Cash distribution at Gorkha, where HelpAge distributed 7,500 rupees per family to suit the diverse needs of the community © HelpAge International

 The community has diverse needs, so we [HelpAge International] did struggle with thinking how we could help. If people have money, they can buy according to their needs, so we gave 7,500 rupees each to 10,000 families. We did post-distribution monitoring and people told us they had bought medicine, food, clothes, or building materials. We made sure beforehand that local markets were functioning, otherwise giving money is no use at all. But in this case, it was the best thing we could have done.

HelpAge is currently working on the Inclusive Disaster Risk Reduction (IDRR) programme, which focusses on how to engage older people in emergencies. We’re facilitating vulnerability and capacity assessment with the Older People Associations (OPAs) in villages. They discuss how to mitigate and overcome vulnerabilities in the local context. The government has also been facilitating Disaster Management Plan (DMP) which will do risk and hazard mapping, and prepare a comprehensive local village development plan. We’re working to include the OPA’s input in the government’s DMP, which works at a local, district, and national level, so the community-led planning project could feed into national planning. In two years’ time we will be able to see how, through local and national levels, the government can implement and resource it.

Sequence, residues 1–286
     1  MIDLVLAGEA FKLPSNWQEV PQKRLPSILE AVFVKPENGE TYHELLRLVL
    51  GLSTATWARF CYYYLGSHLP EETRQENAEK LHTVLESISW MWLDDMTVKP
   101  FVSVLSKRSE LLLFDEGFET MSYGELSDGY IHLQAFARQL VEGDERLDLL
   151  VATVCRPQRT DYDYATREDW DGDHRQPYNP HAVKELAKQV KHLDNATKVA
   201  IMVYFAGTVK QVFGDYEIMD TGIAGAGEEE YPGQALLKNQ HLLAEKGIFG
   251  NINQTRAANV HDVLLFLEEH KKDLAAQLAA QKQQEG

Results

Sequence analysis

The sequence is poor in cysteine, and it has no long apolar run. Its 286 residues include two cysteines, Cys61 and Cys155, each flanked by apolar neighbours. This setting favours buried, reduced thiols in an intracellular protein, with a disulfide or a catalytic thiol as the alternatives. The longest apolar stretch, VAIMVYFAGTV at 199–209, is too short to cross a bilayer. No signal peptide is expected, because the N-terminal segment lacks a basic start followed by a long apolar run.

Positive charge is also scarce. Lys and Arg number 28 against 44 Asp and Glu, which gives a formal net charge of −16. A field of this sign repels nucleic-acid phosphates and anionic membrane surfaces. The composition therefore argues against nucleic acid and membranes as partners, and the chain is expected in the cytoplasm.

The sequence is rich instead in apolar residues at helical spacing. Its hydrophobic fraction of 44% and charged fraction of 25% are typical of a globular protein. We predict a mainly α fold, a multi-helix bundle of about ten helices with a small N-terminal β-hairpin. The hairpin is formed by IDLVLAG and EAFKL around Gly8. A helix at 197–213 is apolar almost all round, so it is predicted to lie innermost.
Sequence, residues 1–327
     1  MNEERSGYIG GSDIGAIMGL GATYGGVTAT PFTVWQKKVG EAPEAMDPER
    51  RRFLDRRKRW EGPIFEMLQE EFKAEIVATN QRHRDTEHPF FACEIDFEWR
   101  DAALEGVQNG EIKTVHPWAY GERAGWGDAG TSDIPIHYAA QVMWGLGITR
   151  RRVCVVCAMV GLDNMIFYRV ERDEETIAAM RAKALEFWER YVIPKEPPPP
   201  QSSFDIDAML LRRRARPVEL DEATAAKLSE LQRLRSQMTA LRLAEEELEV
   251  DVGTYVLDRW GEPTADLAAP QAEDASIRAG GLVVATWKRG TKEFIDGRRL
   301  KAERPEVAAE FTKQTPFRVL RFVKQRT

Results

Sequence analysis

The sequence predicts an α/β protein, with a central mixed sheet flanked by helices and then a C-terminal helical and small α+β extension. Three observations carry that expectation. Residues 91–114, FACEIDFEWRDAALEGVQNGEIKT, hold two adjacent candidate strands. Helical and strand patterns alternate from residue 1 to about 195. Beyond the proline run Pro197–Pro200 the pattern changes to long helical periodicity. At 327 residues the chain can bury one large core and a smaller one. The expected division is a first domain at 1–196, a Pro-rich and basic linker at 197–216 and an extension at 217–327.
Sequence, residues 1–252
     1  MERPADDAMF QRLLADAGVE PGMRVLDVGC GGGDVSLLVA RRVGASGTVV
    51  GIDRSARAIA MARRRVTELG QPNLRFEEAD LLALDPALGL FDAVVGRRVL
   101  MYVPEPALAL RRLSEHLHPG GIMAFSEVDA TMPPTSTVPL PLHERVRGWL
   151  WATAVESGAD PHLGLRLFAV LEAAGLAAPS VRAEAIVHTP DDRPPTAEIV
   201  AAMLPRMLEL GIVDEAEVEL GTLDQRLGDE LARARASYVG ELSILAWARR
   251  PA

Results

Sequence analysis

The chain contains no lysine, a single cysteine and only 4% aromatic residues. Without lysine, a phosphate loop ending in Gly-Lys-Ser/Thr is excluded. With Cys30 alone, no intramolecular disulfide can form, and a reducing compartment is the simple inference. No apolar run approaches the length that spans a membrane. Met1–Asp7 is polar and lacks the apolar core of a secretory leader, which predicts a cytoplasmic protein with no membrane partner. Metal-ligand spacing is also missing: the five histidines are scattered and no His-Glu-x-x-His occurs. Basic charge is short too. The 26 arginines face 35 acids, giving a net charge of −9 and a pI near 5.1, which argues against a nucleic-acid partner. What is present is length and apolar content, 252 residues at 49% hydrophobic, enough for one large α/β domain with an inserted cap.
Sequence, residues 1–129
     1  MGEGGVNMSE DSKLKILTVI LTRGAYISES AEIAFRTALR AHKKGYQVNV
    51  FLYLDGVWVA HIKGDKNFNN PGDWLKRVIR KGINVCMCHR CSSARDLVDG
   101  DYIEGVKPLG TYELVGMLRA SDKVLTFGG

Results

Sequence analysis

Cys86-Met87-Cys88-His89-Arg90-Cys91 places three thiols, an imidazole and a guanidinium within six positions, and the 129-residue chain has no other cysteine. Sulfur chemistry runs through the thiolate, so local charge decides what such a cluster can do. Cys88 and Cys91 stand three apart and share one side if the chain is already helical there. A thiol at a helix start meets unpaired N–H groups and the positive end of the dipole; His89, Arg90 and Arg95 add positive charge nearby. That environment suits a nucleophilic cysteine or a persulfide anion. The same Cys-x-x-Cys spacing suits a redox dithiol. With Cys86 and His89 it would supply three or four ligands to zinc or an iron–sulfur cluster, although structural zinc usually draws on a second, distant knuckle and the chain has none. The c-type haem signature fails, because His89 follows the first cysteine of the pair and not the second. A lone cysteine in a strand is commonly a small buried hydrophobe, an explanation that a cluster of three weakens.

We’ve found that the knowledge and resources needed to overcome older people’s specific vulnerabilities come from the older people themselves. We asked them how they wanted to improve their facilities and their treatment, and from that we generated messages for each department. For example, at the health centre, just saying ‘you need to have medicines and facilities for older people’ doesn’t mean anything. Saying ‘you need medicine for diabetes and blood pressure’ is more effective. This kind of advice can only come from the older people themselves.